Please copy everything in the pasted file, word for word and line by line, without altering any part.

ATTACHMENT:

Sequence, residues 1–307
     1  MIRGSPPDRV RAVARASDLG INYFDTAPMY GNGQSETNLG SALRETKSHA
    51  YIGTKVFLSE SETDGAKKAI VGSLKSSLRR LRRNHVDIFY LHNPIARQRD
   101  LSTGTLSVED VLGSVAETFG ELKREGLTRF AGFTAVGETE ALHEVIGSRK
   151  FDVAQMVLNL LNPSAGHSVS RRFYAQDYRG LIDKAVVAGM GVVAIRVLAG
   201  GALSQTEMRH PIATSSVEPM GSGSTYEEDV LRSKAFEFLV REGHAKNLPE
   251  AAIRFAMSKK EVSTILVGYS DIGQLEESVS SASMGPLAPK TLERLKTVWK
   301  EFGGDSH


Sequence, residues 1–307
     1  MIRGSPPDRV RAVARASDLG INYFDTAPMY GNGQSETNLG SALRETKSHA
    51  YIGTKVFLSE SETDGAKKAI VGSLKSSLRR LRRNHVDIFY LHNPIARQRD
   101  LSTGTLSVED VLGSVAETFG ELKREGLTRF AGFTAVGETE ALHEVIGSRK
   151  FDVAQMVLNL LNPSAGHSVS RRFYAQDYRG LIDKAVVAGM GVVAIRVLAG
   201  GALSQTEMRH PIATSSVEPM GSGSTYEEDV LRSKAFEFLV REGHAKNLPE
   251  AAIRFAMSKK EVSTILVGYS DIGQLEESVS SASMGPLAPK TLERLKTVWK
   301  EFGGDSH